When you store all of your precious documents in a safe or cabinet, those documents are only as safe as their location. That means in the event of an emergency or a disaster – a house fire, earthquake or flood – vulnerability becomes a real issue. Digitizing your records eliminates the possibility of them incurring damage, getting destroyed or being taken from your home – and therefore eliminates you from having to go through the chore of contacting every government agency for new documentation. A fire safe or fire-retardant filing cabinet will also never offer the same level of protection as a virtual backup of your records.
For many people, the benefits of digitizing documents are both mental as well as physical. According to Time magazine, Michelle Newman, a professor of psychology and director of the Laboratory for Anxiety and Depression Research at Penn State University, said: “When things in our lives feel out of our control, I think tidying up can be psychologically reinforcing.” In a lot of cases, freeing yourself from the clutter of the barrage of personal documents you keep at home is often freeing yourself from unnecessary baggage. Bank of America states that Americans are often prone to keeping more than we actually need. Most of the time, those bank statements and pay stubs, utility bills, deposit and withdrawal records can be thrown out after 30 days.
According to the Environmental Protection Agency, Americans go through over 69 million tons of paper and paper board each year. How many of the bank statements, utility bills, insurance documents sitting in your filing cabinets and drawers account for that number? Document digitization can not only reduce your paper waste; it can end up saving you in the long run. “PayItGreen, a coalition led by an electronic-payment industry group, estimates that by eliminating paper bills, payments, and statements alone, the average household would save 6.6 pounds of paper each year, avoid the release of 171 pounds of greenhouse gases and 63 gallons of wastewater, and cut gas consumption by 4.5 gallons. The estimates take into account paper, transportation, and disposal,” states Consumer Reports. Maybe that only amounts to a few reams of paper and cartridges of ink per household, but the impact multiplied over time can mean a significant difference on the environment.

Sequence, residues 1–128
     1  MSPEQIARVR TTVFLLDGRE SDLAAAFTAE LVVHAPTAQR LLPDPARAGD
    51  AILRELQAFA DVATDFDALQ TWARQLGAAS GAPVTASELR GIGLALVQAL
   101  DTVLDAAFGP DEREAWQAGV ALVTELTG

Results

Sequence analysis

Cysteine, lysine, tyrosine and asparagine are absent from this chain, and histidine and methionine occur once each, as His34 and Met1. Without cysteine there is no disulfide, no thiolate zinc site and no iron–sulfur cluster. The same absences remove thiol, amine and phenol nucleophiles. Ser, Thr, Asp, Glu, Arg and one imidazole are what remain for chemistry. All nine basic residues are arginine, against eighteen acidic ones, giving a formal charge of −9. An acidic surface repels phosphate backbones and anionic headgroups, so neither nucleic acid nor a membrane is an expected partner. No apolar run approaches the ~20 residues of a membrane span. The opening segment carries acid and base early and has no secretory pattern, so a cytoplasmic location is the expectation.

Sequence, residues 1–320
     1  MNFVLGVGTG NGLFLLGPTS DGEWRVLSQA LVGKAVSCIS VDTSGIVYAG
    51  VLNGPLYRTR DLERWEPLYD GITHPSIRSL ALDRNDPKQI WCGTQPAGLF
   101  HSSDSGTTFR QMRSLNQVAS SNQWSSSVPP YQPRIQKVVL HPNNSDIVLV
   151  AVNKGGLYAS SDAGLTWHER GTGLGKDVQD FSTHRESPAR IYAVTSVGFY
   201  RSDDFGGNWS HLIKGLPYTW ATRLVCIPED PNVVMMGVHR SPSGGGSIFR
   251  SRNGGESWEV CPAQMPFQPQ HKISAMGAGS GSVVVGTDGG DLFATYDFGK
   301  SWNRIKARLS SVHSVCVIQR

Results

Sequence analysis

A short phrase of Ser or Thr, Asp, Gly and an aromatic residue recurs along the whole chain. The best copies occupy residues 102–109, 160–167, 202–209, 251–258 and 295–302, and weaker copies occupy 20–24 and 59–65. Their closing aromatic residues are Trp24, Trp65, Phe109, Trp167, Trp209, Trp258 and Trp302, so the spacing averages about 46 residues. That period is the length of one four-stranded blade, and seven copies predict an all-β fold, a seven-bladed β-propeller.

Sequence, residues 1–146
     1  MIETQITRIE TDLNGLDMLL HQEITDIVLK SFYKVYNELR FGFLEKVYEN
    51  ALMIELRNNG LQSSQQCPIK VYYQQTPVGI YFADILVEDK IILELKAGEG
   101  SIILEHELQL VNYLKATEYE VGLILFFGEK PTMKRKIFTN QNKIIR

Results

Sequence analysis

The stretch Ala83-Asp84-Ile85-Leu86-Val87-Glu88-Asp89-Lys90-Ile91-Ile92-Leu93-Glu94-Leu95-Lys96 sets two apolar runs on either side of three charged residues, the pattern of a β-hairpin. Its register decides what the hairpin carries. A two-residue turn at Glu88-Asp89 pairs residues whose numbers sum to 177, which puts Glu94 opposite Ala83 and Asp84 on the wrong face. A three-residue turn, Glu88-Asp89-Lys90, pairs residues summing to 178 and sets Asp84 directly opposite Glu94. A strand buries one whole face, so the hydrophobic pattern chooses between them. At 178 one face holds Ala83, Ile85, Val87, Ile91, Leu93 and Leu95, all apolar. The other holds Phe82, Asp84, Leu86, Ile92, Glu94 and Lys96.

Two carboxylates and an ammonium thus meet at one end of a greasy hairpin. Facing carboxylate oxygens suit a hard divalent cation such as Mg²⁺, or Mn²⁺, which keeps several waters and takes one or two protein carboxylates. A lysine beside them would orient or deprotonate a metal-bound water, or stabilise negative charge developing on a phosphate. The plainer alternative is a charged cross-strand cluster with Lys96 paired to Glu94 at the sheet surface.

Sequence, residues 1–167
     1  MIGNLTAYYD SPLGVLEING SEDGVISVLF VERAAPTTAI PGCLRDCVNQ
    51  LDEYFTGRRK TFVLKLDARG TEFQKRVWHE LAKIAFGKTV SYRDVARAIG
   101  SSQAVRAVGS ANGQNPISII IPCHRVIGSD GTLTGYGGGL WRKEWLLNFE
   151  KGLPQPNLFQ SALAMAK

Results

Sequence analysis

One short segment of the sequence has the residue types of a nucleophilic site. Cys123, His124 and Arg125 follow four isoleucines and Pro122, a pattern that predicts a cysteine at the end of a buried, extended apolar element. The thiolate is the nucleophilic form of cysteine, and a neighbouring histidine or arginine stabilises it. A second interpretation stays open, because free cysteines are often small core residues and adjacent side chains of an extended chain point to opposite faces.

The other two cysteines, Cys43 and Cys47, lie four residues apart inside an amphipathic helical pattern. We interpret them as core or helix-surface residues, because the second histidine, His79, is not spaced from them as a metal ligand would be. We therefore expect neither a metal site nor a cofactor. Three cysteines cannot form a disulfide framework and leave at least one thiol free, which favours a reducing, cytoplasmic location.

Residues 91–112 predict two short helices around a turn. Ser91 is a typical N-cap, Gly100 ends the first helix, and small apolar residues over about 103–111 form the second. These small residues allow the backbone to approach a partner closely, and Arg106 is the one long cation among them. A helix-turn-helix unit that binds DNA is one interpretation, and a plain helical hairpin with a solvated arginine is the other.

When and if you decide to take the leap to going digital, it doesn’t have to be difficult. With smart devices and apps like Rosy that offer batch scanning and easy digitization solutions, you’ll be ditching your filing cabinets in no time.
For more information on how you can use Rosy to digitize your personal records and to be the first to know when the Rosy app launches, sign up for our Waitlist.